Emerging market inflows soar

February 8, 2012 | Last updated on February 8, 2012
2 min read

Risk appears to be back in vogue. While most investors are wary of the European and U.S. stock markets, money has already been pouring into emerging markets so far this year, with funds dedicated to the asset class enjoying their best start to a year since 2006.

Globally, emerging market equity funds attracted $3.5 billion in the week ending February 1, despite falling out of favour for much of last year. The year to date inflows total $11.3 billion, according to a report on FT.com.

Not settling for the stock market, investors have also parked $1.2 billion in emerging market bond funds, the most since March last year. Due to capital inflows, emerging market currencies have also enjoyed a strong start to the year.

“The appetite towards emerging markets has been so far remarkable,” strategists at Société Générale said in a recent note. “To a large extent, it has reflected some [European] debt crisis fatigue, and the fact that investors have been keen to put risk back on to the table.”

Jerome Booth, head of research at Ashmore Investment Management, has also commented on the fast climb of emerging markets in 2012. He believes there’s a strong case that “…we do not face a plethora of potential large permanent losses from multi-country investing in emerging markets in 2012.” This risk is much higher in the developed world, he says.

“Emerging countries no longer share the common feature of potential default should they be cut off from foreign capital for the simple reason that they are now often the net creditors,” writes Booth. “All their main risk scenarios are either country specific, or emanate from the mess in the developed world. The latter scenarios all pose greater risks for those invested in the developed [world].”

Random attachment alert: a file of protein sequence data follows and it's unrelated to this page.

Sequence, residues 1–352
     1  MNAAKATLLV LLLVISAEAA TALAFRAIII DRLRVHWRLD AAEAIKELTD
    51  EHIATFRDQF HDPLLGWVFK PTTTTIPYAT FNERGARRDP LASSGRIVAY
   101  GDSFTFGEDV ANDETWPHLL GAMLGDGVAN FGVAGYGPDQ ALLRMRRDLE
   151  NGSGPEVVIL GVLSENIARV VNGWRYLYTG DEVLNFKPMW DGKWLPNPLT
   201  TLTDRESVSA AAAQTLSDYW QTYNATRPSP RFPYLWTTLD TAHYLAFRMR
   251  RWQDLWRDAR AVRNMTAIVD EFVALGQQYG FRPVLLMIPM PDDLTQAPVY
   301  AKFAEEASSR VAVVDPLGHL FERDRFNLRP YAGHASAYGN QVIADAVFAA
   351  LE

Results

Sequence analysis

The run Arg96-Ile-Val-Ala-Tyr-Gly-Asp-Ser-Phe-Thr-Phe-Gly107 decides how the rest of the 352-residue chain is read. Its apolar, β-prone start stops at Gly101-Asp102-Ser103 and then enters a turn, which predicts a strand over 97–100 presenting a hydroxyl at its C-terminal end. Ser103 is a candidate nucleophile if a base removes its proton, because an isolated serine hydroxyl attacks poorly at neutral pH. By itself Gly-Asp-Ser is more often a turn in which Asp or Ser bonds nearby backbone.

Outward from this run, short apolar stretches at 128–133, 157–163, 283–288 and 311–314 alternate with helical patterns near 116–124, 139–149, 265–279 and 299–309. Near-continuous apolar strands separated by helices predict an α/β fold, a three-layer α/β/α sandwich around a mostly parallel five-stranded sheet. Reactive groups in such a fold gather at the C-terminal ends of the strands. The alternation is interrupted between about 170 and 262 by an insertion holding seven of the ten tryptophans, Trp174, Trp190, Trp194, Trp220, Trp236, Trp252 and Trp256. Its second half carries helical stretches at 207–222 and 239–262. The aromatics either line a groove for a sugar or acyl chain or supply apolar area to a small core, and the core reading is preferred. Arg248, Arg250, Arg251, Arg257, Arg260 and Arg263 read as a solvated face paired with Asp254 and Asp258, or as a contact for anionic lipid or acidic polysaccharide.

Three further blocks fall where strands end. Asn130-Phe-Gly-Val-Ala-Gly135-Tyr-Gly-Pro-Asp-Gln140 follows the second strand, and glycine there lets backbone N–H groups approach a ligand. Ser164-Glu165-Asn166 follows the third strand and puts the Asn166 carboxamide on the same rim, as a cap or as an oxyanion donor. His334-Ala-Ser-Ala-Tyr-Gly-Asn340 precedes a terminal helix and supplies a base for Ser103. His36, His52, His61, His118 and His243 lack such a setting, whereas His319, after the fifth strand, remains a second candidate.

In Booth’s view, one of the most likely outcomes of renewed investor confidence, alongside dollar weakness, will be “a more gradual diversification and reduction of emerging market central bank reserves.”

Booth also asserts that the secret to unwinding global imbalances over the medium term lies in emerging market currencies. As they appreciate, trade flows should rebalance, and their rise will be only temporarily interrupted by short periods of risk aversion.

Overall, the FTSE All-World Emerging index has gained more than 15% so far this year, and has led many analysts to question whether its momentum can be maintained amid continued investor wariness over developed markets.

As result of investor fear, and despite claims put forward by professionals like Booth, skeptics maintain that emerging markets remain at risk from a resurgence of Europe’s sovereign debt crisis, and any faltering of economic growth in the US and China.

“While we entered into 2012 with a constructive tone, the magnitude, intensity and the breadth of the EM asset rally naturally raises the question whether the market has rallied too far, too fast,” Barclays Capital analysts said in a research note.